Another common myth is that physical restraint and force is required in human trafficking. Such misconceptions can have a serious impact, leading to damaging assumptions where individuals perceived as having consented to the job and consequent conditions are seen as people who “should have known better”, and therefore blamed for their own predicament.
There are ways to identify victims of trafficking: the Delphi method introduced by the International Labour Office and the European Commission provides sets of operational indicators intended to help with determining whether someone has been trafficked or not. An individual who fulfills the dimensions of deceptive recruitment, exploitation and coercion is deemed to have been trafficked.
Following this methodology, Safiar appears to fit the bill: he’d been deceived about the nature of the job and deceived about his wages, which fulfils the dimension of deceptive recruitment. The lack of a signed contract and the failure to pay his salary meets the requirements for exploitation, while the dimension of coercion is fulfilled by the fact that his employer had confiscated his passport and withheld his wages, while the money that he’d had to borrow to pay his recruitment fee kept him in debt bondage.
His case worker at the Humanitarian Organisation for Migration Economics (HOME), a local migrant rights organisation, told Esquire Singapore that he was thinking of referring Safiar’s case to the Singapore Taskforce on Trafficking in Persons, an inter-agency effort that involves not just MOM but also the police force, the immigration authority, the Attorney- General’s Chambers and a number of other government ministries. In the meantime, Safiar has been granted permission by MOM to find a new employer. It’s crucial that this job hunt goes well. “I cannot go back,” he says. “I owe so much money and I’ve leased my family’s land. If I go back, what will happen to my family and I?”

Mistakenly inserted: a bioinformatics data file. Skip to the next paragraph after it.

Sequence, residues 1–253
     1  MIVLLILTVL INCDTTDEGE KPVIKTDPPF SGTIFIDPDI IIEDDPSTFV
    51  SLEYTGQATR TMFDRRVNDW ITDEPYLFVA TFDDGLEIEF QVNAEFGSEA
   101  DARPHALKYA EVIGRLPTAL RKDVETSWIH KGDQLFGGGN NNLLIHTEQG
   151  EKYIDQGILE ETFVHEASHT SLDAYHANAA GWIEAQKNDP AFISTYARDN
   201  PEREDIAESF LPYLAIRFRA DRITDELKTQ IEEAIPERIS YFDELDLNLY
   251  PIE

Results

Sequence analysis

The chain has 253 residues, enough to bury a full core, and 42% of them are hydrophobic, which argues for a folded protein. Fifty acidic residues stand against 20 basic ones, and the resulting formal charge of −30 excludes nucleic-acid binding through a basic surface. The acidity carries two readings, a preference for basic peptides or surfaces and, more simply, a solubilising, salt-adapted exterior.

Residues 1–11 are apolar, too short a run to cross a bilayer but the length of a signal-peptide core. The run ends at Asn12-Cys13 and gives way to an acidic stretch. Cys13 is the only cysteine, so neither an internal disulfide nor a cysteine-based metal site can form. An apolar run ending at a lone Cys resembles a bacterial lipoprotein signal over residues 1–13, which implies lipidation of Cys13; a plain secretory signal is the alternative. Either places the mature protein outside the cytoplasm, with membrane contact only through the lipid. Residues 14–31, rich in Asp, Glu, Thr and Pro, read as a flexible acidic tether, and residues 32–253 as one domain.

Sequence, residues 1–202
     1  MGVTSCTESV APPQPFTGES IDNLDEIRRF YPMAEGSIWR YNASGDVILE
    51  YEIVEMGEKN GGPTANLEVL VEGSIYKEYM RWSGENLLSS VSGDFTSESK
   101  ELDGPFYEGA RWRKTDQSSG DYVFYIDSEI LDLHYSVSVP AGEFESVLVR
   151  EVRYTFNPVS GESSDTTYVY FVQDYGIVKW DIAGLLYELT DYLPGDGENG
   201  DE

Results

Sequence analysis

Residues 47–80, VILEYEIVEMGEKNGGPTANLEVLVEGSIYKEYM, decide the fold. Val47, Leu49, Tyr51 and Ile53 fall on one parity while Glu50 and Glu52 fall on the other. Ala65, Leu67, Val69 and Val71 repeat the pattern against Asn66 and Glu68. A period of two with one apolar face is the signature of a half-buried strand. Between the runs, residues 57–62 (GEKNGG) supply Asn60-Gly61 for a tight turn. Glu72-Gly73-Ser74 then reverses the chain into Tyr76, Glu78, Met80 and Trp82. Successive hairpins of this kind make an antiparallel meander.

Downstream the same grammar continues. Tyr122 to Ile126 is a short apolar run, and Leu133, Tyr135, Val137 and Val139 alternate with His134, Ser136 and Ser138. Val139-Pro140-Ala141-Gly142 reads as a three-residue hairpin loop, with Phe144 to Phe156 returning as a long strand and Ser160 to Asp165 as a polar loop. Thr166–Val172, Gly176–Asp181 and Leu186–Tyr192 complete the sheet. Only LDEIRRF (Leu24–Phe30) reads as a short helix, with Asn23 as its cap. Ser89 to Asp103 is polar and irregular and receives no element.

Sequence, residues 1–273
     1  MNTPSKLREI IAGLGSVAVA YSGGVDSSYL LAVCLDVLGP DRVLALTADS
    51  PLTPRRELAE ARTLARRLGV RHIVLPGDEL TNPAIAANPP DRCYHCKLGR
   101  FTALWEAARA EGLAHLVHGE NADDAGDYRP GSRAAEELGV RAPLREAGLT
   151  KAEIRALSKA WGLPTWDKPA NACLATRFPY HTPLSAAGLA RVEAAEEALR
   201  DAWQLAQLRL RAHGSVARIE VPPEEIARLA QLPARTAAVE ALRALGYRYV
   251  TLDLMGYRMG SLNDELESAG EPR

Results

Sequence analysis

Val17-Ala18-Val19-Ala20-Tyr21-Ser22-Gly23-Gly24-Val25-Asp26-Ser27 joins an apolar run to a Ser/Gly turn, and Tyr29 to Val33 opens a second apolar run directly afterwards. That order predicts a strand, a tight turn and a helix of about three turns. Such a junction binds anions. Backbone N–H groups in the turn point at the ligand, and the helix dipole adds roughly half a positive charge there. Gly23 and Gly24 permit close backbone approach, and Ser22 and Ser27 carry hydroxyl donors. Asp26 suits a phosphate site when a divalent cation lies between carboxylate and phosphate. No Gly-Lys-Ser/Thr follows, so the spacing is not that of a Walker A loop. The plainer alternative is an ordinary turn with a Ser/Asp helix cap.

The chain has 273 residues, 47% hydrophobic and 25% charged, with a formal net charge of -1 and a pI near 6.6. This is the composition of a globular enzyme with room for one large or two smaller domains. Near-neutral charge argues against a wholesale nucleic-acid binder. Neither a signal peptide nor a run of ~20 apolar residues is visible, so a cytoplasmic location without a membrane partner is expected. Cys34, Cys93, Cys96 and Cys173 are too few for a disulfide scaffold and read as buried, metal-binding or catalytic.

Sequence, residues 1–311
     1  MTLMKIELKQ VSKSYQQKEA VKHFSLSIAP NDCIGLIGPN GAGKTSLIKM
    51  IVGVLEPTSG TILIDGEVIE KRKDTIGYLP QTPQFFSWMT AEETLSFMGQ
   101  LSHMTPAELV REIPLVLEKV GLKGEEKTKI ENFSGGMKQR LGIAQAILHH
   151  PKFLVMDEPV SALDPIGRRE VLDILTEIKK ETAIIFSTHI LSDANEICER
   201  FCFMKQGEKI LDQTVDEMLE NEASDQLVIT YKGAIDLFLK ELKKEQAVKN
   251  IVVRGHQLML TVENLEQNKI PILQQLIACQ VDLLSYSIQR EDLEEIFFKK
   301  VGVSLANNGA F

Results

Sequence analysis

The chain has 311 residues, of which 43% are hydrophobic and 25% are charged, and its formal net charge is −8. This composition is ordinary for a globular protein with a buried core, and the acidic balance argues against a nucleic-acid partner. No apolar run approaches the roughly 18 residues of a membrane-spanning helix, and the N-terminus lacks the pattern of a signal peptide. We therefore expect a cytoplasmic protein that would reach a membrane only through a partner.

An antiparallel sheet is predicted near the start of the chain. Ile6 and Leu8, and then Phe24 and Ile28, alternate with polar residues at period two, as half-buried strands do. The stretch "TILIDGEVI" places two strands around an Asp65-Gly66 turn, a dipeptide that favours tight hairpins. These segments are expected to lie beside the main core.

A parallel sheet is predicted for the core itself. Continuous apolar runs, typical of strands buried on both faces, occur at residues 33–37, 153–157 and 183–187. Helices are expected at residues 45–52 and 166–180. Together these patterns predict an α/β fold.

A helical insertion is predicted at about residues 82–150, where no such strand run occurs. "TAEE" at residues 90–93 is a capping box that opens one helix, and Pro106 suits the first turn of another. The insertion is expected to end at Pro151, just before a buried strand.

But such a referral might not be successful. While non-government organisations might rely on indicators as laid out in the Delphi methodology, it’s not clear that the official task force uses the same standards. Cases that HOME has referred to the task force have sometimes been deemed by the authorities as failing to fit the criteria of human trafficking. “Some of the problems [with trying to figure out if someone has been trafficked] will be trying to figure out how the [task force] operationalises indicators in the Singapore context,” says Stephanie Chok, casework manager and head of research at HOME. “We don’t know what indicators they use or how they operationalise terms like ‘deception’ or ‘debt bondage’. Our sense is that they probably set the benchmarks quite narrowly.”
Apart from the task force, which was set up in 2010, Singapore has taken other steps to deal with trafficking. In 2015, the Prevention of Human Trafficking Act was passed to grant enforcement powers to the authorities, provide harsh penalties for offenders and lay out some protections for trafficked persons. Under the Act, the punishment for a first offence of trafficking in persons is a jail term of up to 10 years with up to six strokes of the cane, as well as a fine of up to SGD100,000.
MOM is launching a mandatory Settling-in Programme (SIP) for new work permit holders in the second half of this year. The one-day course, which will be conducted in the workers’ native languages, is designed to equip them with knowledge of their rights and responsibilities.
According to the US State Department’s TIP report, the Singapore government prosecuted eight suspects— three for sex trafficking and five for labour trafficking— and convicted two for sex trafficking. Esquire Singaporeapproached the task force for comment; they sent basic information on Singapore’s response to trafficking along with links to information about the taskforce on the MOM website. They have yet to respond to specific questions about the indicators used.
Sometimes, possible victims of trafficking choose not to be identified as such. “We refer very few cases [to the task force] but that’s also because a lot of the migrant workers don’t want to be referred [to] as trafficking victims,” says Chok.